An outright purchase used to be the only way to get solar, but with new low-interest solar loans, it;s better to finance than to pay up front. Check out the return on a solar loan to get a good idea of why that's a better option.
If you have the cash and you really want to spend it now, buying solar here will result in a modest return on your investment. Panels generally come with a 25-year warranty and performance guarantees, and in Nevada, they'll save you enough in electricity costs over that period to result in nearly $19,000 in profit. That's quite a bit better than you might do by investing in stocks, because of NPV.
Here’s how the numbers work for a 5-kW rooftop solar system in Nevada:
- Installing a typical 5-kW solar system should start at about $16,762 after NV Energy's rebate.
- The Federal government offers a great income tax credit of 30% of system costs (after rebate). That's $5,029 you won't be paying to Uncle Sam this year, and it brings your first-year investment down to $11,733.
- After that tax credit, we subtract your first year’s energy savings, which we estimate to be $920. That reduces your cost after the first year to only $10,813—a savings of about 35% off the cost of your system. That's a huge cost reduction!
- Your electricity savings will slowly add up, and your system will pay for itself in year 11. But your panels carry 25-year warranties, and they'll likely keep on kicking out kilowatts for a few decades or more. You'll see a total net profit of $19,085 by the end of that warranty. The internal rate of return for this investment is 10.1%; better than putting your money in an index fund, which typically sees about 8% returns.
- In addition to that cash, you’ve created some green for the earth as well by not using electricity from fossil fuels. It's like planting 130 trees a year, every year your solar power system is humming.
Keep in mind, the numbers above are based on an average home in Nevada. If you're ready for a custom quote for a solar panel system, our network of experts are on call to assist you. Simply sign up for personalized assistance on our special solar deals page.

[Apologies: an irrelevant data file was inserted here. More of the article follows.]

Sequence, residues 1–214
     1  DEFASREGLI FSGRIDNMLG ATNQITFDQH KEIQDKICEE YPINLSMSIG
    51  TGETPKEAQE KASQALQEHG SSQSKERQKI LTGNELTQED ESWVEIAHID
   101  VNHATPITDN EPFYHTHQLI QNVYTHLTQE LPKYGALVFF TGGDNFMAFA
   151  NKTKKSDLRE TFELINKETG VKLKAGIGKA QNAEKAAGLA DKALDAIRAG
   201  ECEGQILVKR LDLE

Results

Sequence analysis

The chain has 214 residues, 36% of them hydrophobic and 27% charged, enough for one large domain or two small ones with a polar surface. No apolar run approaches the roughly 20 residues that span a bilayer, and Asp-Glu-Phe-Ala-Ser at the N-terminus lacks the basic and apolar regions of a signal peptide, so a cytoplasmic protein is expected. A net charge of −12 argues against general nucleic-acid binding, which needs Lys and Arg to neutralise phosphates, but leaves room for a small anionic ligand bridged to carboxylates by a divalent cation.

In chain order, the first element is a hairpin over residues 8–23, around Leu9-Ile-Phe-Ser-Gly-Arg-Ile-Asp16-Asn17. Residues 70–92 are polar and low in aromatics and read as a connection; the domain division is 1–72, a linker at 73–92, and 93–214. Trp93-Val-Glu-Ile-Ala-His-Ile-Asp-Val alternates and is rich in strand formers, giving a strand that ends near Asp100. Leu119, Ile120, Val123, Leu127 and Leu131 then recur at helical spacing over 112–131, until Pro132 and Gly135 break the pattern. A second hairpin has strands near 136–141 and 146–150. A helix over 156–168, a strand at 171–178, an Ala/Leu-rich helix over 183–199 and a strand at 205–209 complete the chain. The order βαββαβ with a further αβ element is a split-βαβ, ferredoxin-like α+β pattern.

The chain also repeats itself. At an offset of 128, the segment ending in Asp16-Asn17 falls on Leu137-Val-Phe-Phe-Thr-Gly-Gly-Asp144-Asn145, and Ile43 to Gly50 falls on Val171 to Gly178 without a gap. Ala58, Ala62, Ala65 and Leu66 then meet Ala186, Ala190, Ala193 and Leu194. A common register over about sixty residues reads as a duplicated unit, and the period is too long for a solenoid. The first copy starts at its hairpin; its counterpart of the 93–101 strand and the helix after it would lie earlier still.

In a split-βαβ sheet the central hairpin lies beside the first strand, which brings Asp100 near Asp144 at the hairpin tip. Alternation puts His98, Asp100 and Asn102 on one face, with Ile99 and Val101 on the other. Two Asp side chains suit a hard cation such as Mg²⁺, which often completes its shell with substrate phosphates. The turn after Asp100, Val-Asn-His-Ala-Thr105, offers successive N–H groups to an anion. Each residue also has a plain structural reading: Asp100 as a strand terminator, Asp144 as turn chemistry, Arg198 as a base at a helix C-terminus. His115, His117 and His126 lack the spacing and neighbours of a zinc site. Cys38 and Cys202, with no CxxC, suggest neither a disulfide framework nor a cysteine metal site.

Option 2: Using a loan to pay for solar
Well that's a nice chart, mostly becasue it starts with a big profit. You start out that windfall because you'll be paying over time for the panels but you get the 30% federal tax credit at the end of year 1.
A solar purchase like this makes better sense in Nevada than paying up front, because you can take advantage of the tax benefits now, and pay over time while your solar panels save you money! All told, getting a loan to pay for solar in Nevada is quite a bit better than investing in the stock market.
Here’s how the numbers pencil out for a 5-kW solar purchase with a loan in Nevada:
- Installing a typical 5-kW solar system should start at about $16,762 after NV Energy's rebate. That's how big your loan will need to be to cover it.
- Between using some solar electricity and selling some back to NV Energy, you'll save $921 on your utility bill this year. But the loan payments on your system will be $1,539, meaning your net cost is $618, but then...
- You'll get the federal tax credit of 30% of system costs, for the whole price of the system after rebate. That's $5,029 back, meaning you'll come out $4,411 ahead after year 1.
- Each year after the first, your energy bill savings will offset some of you loan payments. Once the loan is paid off after year 15, you'll be saving over $1,200 for the rest of your system's 25-year warranty.
- According to our 25-year estimate, you'll end up with $12,765 in profit, which isn't so bad for an investment that requires no money down.